A CEO succession may be the hardest trick any tech company can pull off.
What happened after Bill Gates left Microsoft (MSFT)? After Bill and Dave left Hewlett-Packard (HPQ)? What do you expect after Larry Ellison leaves Oracle (ORCL)? Tech companies tend to be led by vivid entrepreneurs, and systems don't seem to work.
Even IBM (IBM) floundered after Thomas Watson Jr. left. A succession of smooth-talking marketing men found themselves vulnerable to the first kid with a clue who came along. Fellow named Gates.
Everyone knows by now that Lou Gerstner set a new direction for Big Blue, starting in the mid-1990s. Services became the key. Margins became the metric. He passed the company to Sam Palmisano, and IBM quietly got through the last decade in very good shape. The share price quadrupled, and the dividend came roaring back.
But Palmisano's biggest trick may have been his own succession. I was highly skeptical of Virginia Rometty (known as "Ginni") when she was named to the top job last year, and I'm here to eat crow.
Rometty has been excellent.
Consider her first big acquisition: Texas Memory Systems makes sub-systems out of flash memory chips. The deal was done very quietly, announced early this month, price not disclosed.
Flash has moved steadily over the last decade from replacing floppies to replacing hard drives in PCs. Now the technology is being priced for clouds, it's faster and more reliable. That means huge demand, fat margins, a perfect market for IBM.
Better yet, consider her first big asset sale. IBM quietly sold its "retail store" business (read: cash registers) to Toshiba this month.
The money is in the processing anyway, and you know what kind of machine you need for processing credit card transactions? Mainframes. IBM still has a monopoly there. If something interesting comes up in the mobile space, of course, IBM can still buy it.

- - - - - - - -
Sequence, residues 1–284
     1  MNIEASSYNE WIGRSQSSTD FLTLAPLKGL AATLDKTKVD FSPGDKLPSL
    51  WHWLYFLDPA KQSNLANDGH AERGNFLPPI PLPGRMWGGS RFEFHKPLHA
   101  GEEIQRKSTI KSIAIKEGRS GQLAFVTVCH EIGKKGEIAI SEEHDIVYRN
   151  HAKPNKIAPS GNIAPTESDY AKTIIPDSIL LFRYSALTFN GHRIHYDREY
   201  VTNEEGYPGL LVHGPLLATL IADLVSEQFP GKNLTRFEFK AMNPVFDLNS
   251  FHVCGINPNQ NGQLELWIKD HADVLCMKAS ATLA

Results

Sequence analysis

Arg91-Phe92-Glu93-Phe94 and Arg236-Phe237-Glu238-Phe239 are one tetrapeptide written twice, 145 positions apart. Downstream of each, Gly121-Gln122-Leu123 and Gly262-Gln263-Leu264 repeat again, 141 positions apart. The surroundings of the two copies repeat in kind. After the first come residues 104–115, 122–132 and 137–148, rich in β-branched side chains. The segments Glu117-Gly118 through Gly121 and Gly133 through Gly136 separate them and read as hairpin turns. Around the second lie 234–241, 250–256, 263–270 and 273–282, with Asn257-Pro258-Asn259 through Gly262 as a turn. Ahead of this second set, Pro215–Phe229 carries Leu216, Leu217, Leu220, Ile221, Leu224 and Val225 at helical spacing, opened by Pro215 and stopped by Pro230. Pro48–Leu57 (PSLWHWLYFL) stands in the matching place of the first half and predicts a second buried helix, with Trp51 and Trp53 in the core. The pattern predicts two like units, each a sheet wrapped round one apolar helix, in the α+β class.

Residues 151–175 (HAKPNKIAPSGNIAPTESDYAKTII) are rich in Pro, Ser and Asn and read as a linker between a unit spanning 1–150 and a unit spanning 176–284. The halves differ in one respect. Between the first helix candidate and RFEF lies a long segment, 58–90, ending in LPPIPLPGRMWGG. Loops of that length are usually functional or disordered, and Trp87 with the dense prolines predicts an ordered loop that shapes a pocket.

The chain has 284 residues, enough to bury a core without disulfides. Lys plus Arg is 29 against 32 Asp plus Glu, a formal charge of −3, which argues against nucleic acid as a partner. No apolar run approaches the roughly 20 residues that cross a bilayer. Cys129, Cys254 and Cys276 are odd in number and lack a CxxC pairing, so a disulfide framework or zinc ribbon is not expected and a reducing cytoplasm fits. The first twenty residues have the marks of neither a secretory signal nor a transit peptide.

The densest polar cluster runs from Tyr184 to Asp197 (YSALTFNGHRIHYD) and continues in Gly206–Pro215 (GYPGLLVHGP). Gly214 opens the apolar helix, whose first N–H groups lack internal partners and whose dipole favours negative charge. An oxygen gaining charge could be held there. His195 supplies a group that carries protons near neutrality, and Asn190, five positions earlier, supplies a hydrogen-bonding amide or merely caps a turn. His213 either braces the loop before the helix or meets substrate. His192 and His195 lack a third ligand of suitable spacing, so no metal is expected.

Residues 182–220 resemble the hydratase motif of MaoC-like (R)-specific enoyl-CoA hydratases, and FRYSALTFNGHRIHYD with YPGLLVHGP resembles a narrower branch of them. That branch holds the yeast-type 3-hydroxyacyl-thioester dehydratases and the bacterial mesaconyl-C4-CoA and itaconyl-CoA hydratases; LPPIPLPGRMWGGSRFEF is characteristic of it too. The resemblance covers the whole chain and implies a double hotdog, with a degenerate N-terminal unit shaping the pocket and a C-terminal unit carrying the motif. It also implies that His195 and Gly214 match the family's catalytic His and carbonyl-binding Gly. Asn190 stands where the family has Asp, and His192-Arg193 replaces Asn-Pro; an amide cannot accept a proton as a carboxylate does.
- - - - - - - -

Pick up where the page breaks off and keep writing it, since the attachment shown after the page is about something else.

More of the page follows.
Under Palmisano, and now Rometty, IBM quietly anticipates customer needs and gets there before the crowd.
Enterprise management was a big deal in the last decade. IBM bought Tivoli Systems years before it became such. Computer security is a big deal today, and IBM bought ISS, a leader in tracking down problems in real-time, a decade ago.
Then there's the question of style. I really like Virginia Rometty's style. Consider how she handled the first big "crisis" of her regime, the Augusta National Golf Club.
By tradition, the CEO of IBM is a member of the club. The comapny is a huge sponsor of its annual tournament, The Masters. But Rometty is a woman, and the club has never had women members. When a woman named Martha Burk banged on the door to be let in a decade ago, it was loudly shut in her face.
What did Rometty do? She said nothing. She simply came to the tournament and sat at the 18th green on the last day wearing a pink jacket.
When Augusta announced its first female members this week, she wasn't on the list. Her name will be added, quietly, and when it is there will still be no headline.
IBM's revenue is increasingly coming from the developing world, and its headcounts are following. Fewer U.S.-based employees, more employees closer to customers. You think having a major lab in Nairobi won't bring in African customers? Then consider the impact on costs, and profit margins.
Big companies will always be subject to the pull of global economic trends. IBM suffered during the great recession, but it has now recovered and operating margins are close to 20%. The 85 cent/share quarterly dividend continues. Better than a 10-year government bond.
I stuck some money into IBM sometime in the last decade, and I forgot about it. It has been my best investment, doubling in value and giving me more shares through dividend reinvestment. I think it will remain that.